Another   benefit of tennis is  the ability to have your child  practice on  their own.   While many sports need a  partner to interact with  or  numerous  other people in order to actually practice,  you can practice your tennis strokes  by hitting on a solid wall.    A tennis ball and racquet can allow your child to easily practice almost anywhere, even at your home.   This allows your child to have the time to practice that they need which can be a huge help if you are looking for the best sport possible that will not potentially damage your property.

For parents who are looking for a competition sport,  tennis makes a wonderful choice, you can choose just how many or how few competitions you are comfortable with your child participating in and ultimately they can even play in the Olympics or as a professional if they are skilled enough when they get older.   This can allow you to consider that tennis is a great sport because it has a serious future ahead that is very much possible for virtually anyone to learn.   Read More…

Understanding The Tennis Basics: The Masters 1000 Events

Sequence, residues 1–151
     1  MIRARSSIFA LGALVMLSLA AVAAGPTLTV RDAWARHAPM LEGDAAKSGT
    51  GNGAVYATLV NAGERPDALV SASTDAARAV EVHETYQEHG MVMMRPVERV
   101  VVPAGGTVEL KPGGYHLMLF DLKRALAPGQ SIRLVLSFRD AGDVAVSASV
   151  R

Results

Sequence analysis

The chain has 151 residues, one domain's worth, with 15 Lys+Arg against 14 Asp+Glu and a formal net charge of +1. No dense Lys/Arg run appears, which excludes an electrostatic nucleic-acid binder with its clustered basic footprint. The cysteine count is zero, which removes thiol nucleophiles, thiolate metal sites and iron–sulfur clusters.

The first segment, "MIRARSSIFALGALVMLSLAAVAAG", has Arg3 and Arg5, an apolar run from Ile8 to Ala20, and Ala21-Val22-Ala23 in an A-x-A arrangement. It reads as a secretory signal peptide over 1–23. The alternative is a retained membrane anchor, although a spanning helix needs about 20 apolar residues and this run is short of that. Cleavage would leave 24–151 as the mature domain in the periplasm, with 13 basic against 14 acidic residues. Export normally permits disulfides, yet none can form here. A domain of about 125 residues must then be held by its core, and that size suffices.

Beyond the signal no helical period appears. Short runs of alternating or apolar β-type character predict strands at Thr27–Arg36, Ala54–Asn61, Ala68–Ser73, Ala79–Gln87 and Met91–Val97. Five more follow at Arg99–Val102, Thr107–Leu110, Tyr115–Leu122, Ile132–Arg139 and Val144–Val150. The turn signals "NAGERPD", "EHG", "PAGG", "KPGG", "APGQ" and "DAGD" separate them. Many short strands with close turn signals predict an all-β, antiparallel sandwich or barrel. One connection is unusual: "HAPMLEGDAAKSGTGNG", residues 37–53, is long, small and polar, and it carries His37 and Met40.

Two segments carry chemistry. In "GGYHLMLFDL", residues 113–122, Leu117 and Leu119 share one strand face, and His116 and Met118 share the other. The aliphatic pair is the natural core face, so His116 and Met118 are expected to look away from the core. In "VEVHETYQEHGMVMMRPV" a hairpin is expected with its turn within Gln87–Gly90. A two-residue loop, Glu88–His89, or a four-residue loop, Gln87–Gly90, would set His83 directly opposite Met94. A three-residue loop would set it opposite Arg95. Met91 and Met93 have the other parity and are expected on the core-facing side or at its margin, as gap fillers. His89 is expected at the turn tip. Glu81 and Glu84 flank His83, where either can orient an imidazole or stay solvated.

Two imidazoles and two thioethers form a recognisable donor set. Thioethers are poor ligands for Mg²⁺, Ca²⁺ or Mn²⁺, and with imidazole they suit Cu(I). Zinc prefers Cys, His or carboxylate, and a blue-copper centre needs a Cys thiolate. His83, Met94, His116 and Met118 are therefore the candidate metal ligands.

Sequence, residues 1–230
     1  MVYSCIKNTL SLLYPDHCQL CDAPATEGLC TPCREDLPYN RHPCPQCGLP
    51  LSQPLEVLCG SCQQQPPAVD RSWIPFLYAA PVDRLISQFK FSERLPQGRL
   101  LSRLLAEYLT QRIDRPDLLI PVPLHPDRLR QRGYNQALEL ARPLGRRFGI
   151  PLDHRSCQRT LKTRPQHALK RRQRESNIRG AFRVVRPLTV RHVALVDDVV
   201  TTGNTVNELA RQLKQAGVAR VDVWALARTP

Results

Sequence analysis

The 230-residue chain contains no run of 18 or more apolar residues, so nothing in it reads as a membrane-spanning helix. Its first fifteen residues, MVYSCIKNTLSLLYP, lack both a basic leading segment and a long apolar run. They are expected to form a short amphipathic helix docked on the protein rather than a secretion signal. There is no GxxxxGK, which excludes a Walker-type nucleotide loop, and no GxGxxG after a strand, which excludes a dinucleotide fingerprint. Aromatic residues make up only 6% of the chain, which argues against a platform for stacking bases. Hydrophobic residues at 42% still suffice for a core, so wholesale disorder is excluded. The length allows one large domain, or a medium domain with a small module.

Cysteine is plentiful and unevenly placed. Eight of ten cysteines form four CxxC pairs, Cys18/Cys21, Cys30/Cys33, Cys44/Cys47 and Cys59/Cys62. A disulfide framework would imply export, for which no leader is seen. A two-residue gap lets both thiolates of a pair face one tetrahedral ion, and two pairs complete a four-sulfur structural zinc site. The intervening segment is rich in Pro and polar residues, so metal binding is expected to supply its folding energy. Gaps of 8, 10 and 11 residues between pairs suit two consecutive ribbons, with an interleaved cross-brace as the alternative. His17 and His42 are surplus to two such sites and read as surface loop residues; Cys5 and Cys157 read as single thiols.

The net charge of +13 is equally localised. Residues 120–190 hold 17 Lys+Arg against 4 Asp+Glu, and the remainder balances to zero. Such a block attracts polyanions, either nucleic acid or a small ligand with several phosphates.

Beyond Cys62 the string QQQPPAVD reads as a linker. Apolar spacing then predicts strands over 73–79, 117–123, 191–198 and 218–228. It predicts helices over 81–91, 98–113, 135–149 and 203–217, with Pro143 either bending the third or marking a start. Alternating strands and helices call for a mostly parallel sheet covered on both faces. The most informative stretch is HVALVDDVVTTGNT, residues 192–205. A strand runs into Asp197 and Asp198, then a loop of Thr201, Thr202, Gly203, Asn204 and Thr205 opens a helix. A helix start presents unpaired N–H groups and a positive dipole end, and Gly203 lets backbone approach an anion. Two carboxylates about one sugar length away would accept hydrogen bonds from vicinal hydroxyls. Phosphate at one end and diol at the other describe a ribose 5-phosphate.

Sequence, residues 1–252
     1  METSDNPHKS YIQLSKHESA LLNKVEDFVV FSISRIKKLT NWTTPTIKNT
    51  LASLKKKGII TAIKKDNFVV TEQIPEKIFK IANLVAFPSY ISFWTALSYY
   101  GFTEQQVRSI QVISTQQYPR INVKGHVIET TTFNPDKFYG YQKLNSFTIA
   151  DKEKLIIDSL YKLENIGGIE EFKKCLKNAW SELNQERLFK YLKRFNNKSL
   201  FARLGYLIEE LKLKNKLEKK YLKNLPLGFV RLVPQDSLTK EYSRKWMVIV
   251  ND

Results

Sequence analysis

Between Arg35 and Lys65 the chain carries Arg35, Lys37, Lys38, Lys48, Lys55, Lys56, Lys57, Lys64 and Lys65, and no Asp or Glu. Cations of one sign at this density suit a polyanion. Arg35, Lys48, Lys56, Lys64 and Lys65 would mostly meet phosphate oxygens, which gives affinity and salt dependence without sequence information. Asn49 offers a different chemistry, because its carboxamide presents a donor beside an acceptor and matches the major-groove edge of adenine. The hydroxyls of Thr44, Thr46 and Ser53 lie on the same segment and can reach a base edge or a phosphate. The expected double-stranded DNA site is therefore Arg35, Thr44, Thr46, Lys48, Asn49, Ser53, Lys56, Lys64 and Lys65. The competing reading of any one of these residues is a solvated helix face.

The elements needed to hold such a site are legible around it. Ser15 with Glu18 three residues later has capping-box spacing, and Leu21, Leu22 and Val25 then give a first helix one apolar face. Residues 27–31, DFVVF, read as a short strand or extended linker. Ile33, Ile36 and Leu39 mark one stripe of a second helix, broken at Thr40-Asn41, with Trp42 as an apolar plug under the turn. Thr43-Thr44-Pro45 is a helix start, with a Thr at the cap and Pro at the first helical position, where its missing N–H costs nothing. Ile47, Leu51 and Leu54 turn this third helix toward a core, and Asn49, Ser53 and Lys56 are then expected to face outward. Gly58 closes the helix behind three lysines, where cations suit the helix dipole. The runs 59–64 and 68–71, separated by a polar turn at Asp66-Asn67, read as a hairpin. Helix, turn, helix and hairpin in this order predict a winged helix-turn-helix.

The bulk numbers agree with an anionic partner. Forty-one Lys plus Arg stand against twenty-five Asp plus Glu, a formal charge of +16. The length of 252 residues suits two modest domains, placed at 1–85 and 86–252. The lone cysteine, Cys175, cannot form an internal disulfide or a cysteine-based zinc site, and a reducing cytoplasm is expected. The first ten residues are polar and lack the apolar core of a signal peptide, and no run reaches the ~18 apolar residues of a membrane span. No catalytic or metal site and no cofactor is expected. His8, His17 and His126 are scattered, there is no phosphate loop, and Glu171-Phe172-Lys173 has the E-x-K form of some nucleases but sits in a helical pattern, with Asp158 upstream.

December 11, 2010 by  
Filed under Everything About Tennis, Featured, Tennis 101

While the four ‘Major’ Grand Slam tournaments punctuate the tennis calendar as the most prestigious tournaments, the vast majority of a professional players’ schedule is taken up by slightly lesser-known tournaments: the Masters 1000 events.  

Men and women both player Masters events, though not always at the same venue at the same tournament (for example, the men play the Rome Masters around March, while the women play in May). To win a Masters event is to earn 1,000 points towards the world ranking of a player, almost immediately guaranteeing them a top-10 ranking within the game.  

There are 11 Masters events per year for both men and women, all worth 1,000 points. Attendance is compulsory at these events for any professional, though it is possible to miss up to three of the Masters if you satisfy certain conditions such as longevity in the game or player age. Masters tournaments are played on two of the major professional surfaces, with long stints in Northern America known as the hard court season and a European stint in the spring referred to as the clay court season.

Bizarrely, there is no Masters 1000 event played on grass despite it being home to perhaps the most recognisable tennis tournament. Along with the Grand Slam Wimbledon, there are other tournaments played on grass in the tennis calendar but none that qualify as a Masters 1000. Most of the Masters events are played on hard court, with just the Rome Masters, Monte Carlo Masters and Madrid Masters played on clay.